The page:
A group of Stanford researchers have inserted a nano-sized, light-producing bioprobe into a single living cell for the first time, which could have implications for future cancer treatments and drug development.
The "nanobeam" constructed with light-producing quantum dots was embedded inside a cell from a prostate tumor without damaging it or interfering with its normal function and reproduction.
The nanobeam, made of a sandwich of thin layers of a semiconductor called gallium arsenide and a photonic crystal containing quantum dots, is only a few microns long and a few hundred nanometers thick. Holes through part of the beam "act like a nanoscale hall of mirrors," according to Stanford's news release, amplifying the light at the center of the rod in photonic cavities.
Previous research had shown it is possible to insert nanotubes and electrical nanowires into cells, but this is the first study to show it can be done with complex optical components. The results were published online in the February edition of Nano Letters.
Once the needle-like beam is inserted into the cell, it begins emitting light. When the cell reproduced, the nanobeam continued to function within one of the daughter cells. The researchers were able to track a single cell for eight days.
Biophotonics, the study of how light interacts with biological material, incorporates lasers and LEDs into medical and life science research. Photonic techniques have possible applications for both medical diagnoses and therapy, and biophotonic cancer therapy will be a special focus at this May's Laser World of Photonics trade fair in Germany.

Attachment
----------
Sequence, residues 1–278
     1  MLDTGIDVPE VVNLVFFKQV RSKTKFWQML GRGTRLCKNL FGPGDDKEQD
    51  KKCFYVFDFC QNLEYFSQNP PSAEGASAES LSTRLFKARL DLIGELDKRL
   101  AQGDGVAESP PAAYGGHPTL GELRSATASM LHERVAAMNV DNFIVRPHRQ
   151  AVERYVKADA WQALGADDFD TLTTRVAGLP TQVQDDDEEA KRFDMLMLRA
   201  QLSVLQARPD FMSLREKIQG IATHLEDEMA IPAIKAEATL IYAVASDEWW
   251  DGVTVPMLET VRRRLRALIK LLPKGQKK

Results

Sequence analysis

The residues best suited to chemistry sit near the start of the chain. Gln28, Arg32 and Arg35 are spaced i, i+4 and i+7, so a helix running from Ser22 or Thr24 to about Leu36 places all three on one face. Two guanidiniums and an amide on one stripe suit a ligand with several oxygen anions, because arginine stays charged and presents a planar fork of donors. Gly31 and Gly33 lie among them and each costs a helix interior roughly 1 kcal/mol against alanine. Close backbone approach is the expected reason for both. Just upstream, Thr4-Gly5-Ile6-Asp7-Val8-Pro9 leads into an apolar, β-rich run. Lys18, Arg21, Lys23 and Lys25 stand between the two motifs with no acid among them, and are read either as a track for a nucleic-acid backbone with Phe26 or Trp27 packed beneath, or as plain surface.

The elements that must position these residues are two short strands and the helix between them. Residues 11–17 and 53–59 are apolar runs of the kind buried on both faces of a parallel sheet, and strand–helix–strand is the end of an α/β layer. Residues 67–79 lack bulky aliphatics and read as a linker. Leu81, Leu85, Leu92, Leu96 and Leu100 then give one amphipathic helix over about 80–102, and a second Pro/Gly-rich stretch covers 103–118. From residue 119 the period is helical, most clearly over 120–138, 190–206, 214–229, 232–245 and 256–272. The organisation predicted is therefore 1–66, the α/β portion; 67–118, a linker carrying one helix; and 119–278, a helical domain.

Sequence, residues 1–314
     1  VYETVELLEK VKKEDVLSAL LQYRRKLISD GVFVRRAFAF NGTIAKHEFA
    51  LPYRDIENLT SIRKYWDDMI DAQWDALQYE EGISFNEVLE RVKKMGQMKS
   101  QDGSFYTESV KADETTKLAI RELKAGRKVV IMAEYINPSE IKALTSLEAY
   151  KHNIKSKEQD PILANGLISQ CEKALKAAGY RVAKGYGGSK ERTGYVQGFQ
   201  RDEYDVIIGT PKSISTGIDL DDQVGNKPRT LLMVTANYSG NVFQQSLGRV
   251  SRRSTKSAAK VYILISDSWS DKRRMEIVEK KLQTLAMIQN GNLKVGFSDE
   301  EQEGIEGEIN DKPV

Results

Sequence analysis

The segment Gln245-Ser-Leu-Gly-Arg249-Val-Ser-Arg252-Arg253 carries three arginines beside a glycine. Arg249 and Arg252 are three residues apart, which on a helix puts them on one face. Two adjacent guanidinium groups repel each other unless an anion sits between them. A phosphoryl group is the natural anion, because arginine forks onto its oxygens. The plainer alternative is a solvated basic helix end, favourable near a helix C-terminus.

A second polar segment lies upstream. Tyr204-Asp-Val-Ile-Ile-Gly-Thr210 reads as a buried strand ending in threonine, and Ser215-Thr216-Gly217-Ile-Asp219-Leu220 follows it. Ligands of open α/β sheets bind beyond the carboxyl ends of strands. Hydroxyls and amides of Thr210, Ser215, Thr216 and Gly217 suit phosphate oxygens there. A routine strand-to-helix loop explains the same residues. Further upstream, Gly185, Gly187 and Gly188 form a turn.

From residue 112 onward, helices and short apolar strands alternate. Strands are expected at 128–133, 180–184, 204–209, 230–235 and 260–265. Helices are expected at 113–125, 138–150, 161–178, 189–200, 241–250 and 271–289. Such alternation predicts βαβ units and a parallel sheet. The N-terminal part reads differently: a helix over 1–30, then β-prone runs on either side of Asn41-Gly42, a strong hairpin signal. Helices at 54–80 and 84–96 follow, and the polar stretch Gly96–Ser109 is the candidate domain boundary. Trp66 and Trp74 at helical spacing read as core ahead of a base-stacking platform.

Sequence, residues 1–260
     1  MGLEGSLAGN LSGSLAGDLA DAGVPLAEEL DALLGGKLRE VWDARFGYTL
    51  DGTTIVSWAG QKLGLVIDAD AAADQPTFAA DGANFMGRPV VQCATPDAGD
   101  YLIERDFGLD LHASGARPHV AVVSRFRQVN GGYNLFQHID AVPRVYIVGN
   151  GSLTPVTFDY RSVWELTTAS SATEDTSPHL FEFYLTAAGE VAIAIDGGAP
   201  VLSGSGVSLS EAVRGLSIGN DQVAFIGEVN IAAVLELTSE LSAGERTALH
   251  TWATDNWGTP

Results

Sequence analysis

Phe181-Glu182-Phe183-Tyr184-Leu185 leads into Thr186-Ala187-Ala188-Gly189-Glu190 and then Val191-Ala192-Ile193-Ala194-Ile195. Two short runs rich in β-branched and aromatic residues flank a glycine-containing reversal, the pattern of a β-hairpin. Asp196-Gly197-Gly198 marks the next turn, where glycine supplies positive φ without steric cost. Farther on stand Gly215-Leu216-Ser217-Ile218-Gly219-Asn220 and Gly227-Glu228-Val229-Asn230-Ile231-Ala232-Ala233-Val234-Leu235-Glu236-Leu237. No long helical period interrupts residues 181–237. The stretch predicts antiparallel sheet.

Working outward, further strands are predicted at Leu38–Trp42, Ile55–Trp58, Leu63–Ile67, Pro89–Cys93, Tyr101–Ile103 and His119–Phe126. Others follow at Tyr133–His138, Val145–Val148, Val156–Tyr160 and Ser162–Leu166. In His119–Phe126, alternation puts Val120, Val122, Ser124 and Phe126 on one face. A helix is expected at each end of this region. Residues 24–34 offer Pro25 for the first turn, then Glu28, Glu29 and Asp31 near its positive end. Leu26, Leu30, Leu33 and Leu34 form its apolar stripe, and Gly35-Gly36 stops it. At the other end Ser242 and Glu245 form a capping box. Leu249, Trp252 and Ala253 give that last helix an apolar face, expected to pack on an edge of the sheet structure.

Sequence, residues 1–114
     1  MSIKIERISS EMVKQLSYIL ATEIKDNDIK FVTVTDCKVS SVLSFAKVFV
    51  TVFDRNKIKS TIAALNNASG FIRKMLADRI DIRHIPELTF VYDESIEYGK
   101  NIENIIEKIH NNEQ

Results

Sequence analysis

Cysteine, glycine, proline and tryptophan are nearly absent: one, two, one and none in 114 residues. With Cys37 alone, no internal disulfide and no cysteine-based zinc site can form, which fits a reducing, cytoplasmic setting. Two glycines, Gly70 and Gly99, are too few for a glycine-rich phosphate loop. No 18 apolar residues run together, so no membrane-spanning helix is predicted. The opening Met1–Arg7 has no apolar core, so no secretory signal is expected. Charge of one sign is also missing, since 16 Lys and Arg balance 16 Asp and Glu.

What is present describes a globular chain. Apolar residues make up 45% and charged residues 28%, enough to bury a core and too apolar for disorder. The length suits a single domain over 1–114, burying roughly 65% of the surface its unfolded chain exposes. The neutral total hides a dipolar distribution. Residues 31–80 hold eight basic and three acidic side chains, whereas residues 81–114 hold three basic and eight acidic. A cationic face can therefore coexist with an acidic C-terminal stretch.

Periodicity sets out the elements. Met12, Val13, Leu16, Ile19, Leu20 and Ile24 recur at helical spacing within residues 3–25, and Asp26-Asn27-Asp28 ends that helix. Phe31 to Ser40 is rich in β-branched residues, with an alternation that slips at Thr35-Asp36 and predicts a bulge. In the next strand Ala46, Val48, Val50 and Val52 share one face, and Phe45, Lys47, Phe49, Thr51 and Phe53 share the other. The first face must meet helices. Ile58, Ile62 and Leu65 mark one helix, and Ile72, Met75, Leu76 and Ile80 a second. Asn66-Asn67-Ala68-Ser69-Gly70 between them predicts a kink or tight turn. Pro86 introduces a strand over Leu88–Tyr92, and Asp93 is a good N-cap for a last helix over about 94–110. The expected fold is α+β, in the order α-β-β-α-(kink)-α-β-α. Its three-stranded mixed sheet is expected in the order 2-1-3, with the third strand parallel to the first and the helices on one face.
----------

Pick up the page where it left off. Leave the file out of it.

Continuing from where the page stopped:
This nanoprobe could be an important breakthrough for photonic cancer therapy. The researchers suggest that it could be used to develop patient-specific cancer therapies, where an individual's treatment could be tailored to their own genetic needs.
The probe can be used to detect specific proteins within the cell, and could be developed to sense DNA or RNA. When coated in molecules or antibodies that attract the desired protein, any of that protein within a cell will cling to the nanobeam like iron to a magnet, causing a shift in the wavelength of light it emits. This could be used in drug testing to see immediately if a drug is producing or inhibiting a certain protein.
"Devices like the photonic cavities we have built are quite possibly the most diverse and customizable ingredients in photonics," senior author Jelena Vuckovic explained. "Applications span from fundamental physics to nanolasers and biosensors that could have profound impact on biological research."